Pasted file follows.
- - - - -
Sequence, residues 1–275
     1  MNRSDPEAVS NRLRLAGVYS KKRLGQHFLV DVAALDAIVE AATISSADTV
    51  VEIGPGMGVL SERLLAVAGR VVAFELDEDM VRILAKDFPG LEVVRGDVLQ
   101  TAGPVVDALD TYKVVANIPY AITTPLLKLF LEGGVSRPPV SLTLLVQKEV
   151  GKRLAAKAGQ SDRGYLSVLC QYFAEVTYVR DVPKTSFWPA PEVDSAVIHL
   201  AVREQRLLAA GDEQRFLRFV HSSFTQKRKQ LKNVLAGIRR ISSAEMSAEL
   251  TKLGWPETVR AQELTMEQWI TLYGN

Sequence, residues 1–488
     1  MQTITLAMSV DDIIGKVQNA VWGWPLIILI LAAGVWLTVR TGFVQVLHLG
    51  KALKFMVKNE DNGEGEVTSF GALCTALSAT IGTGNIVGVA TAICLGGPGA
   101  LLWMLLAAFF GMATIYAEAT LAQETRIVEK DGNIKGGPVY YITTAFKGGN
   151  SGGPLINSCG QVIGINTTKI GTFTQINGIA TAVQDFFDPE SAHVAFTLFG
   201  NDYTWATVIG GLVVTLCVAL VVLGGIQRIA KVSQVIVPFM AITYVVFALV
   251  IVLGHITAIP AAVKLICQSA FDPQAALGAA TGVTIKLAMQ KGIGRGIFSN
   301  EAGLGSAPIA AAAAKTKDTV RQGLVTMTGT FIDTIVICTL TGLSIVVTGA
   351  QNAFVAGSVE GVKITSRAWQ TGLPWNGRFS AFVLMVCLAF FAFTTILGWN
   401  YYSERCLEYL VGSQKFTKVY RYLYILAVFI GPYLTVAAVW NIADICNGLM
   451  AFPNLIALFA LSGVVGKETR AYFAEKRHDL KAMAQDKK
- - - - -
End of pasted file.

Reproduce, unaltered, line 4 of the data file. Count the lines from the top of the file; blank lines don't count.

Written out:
   101  TAGPVVDALD TYKVVANIPY AITTPLLKLF LEGGVSRPPV SLTLLVQKEV